All that said, I hated Anchorman.
For starters, I'm just so damn weary of The Woman Who Says No. This is a common trope on TV (I'm surprised it doesn't have a TV Tropes entry). You have a show with a male protagonist. That male protagonist is somehow unique -- if it's a comedy, he's zany, unconventional, and prone to getting into wacky scrapes; if it's a comedy, he's moody, morally ambiguous, and prone to getting in thrilling shootouts. In both cases, there is a Woman Who Says No, usually the hero's wife. And her job, in the script, is to constantly say "no". No, Mr. Hero. Stop that. Stop doing that uncovnentional thing that you do. Stop doing that unique thing that is the whole reason that people are watching this show in the first place.
Now, this is a convenient trope. It's a facile way to generate conflict: if TWWSN just hates people acting all unconventional, then you don't have to bother developing the antagonist as a character, and you don't have to find some nuanced reason she'd butt heads with the hero. Nope, the conflict is just right there on page one.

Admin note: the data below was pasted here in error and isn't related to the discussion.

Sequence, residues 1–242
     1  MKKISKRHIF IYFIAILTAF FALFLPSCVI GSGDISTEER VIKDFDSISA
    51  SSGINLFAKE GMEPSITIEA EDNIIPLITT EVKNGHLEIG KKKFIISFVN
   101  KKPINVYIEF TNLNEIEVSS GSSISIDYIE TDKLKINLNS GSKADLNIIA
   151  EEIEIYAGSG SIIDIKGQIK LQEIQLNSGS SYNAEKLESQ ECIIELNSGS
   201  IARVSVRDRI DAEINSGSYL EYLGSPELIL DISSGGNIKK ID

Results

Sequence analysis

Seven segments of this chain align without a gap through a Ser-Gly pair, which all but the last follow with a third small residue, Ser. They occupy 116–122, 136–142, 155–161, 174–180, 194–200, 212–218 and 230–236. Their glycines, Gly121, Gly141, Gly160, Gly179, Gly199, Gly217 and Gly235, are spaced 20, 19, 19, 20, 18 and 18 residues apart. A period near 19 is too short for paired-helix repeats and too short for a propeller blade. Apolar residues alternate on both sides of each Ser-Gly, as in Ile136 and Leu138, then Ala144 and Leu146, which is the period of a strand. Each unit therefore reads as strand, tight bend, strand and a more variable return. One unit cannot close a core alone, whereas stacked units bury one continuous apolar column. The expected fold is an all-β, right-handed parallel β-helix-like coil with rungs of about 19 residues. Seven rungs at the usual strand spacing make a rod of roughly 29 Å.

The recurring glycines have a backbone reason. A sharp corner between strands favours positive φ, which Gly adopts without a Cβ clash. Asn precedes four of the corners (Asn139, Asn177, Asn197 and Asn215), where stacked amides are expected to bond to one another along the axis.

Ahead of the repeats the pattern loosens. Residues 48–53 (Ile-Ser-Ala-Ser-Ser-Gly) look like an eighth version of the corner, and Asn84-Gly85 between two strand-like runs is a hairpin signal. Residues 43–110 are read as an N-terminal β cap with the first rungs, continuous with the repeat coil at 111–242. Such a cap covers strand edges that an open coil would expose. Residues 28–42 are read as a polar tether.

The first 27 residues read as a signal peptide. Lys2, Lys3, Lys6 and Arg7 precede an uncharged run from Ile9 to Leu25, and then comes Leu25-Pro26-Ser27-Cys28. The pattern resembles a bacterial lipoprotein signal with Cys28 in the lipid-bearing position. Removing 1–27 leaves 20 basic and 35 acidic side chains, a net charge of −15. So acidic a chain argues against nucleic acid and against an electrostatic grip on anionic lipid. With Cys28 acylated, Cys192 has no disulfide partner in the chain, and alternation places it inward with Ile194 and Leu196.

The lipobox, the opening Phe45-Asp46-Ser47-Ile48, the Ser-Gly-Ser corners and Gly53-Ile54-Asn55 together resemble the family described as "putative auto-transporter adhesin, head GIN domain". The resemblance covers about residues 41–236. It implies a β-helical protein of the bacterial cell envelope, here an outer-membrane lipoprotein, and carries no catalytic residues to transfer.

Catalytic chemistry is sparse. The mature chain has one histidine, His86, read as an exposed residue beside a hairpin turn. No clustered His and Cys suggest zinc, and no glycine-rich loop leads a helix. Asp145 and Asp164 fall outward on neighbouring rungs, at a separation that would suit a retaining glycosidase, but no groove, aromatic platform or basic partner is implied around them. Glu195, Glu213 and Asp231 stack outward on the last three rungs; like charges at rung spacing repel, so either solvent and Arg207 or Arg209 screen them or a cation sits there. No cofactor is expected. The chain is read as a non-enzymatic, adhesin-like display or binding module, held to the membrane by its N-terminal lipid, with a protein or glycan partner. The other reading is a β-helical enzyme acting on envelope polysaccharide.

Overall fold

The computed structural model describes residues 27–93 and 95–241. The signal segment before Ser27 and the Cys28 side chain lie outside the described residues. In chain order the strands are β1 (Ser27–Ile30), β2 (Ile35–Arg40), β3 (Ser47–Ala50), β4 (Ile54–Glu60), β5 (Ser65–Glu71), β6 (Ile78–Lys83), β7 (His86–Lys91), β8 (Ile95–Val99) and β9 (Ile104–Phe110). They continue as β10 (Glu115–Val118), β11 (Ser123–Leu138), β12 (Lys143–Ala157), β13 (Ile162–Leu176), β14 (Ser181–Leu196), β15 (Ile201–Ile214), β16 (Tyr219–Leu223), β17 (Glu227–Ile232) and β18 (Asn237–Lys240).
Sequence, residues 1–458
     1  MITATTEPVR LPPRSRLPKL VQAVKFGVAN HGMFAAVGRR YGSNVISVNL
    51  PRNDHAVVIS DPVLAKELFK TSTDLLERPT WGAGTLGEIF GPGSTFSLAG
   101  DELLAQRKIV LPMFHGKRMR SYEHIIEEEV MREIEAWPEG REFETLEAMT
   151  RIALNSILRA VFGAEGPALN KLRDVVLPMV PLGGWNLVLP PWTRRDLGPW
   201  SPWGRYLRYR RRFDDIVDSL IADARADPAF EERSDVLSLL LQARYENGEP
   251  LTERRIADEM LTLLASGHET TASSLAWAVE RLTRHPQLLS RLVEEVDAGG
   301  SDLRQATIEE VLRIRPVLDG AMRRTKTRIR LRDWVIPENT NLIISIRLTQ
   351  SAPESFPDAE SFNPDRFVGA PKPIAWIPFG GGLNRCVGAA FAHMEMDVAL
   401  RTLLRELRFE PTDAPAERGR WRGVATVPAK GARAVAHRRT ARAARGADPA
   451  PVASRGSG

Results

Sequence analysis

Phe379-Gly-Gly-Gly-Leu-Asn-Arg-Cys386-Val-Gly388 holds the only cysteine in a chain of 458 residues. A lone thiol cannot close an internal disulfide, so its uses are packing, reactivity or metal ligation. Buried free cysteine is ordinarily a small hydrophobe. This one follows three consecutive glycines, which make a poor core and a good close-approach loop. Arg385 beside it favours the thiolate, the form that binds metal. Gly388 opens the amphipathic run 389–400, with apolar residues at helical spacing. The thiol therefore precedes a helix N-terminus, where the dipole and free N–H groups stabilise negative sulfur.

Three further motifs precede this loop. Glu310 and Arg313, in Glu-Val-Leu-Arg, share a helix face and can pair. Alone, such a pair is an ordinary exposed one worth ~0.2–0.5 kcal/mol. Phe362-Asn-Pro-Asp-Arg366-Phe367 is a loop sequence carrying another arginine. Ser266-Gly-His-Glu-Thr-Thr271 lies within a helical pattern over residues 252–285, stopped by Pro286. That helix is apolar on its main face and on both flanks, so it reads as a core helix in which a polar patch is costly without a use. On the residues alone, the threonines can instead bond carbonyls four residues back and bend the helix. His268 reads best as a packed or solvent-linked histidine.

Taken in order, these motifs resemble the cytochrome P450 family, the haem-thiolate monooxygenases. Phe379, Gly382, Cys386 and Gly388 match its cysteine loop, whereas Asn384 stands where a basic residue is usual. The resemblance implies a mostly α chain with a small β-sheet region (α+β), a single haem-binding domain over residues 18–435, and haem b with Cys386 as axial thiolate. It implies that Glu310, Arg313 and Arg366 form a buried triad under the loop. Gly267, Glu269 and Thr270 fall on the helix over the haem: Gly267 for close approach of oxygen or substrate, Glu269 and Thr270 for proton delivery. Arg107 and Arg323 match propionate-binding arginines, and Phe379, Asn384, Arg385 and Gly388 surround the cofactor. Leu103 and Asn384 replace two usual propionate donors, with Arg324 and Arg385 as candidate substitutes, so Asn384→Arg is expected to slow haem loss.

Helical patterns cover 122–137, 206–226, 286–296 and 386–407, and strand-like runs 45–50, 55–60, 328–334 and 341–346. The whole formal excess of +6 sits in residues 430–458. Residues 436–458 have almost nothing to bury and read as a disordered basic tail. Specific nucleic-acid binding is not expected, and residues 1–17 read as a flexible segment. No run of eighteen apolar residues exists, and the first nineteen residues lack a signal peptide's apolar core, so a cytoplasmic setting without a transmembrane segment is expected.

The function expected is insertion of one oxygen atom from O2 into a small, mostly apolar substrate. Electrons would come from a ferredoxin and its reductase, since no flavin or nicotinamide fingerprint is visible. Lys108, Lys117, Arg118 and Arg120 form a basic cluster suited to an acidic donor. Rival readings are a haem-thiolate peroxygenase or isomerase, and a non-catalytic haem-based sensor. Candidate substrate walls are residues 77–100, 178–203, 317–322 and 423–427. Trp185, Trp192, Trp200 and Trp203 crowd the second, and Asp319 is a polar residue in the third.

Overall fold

But it makes it feel like a world where women are all disapproving mother figures who only exist in relation to the men in their lives and who are never, never funny or interesting on their own. And so it is with Anchorman, where the female lead is there to (1) be a sex object and (2) say no.
(Side note: it's fun to compare this to Community. Britta Perry was *introduced* as very much a 'woman who says no' to play against Jeff Winger. The character never really gelled until Dan Harmon got bored with that and the show started developing Britta into an out-of-step goofball who was definitely doing her own thing.)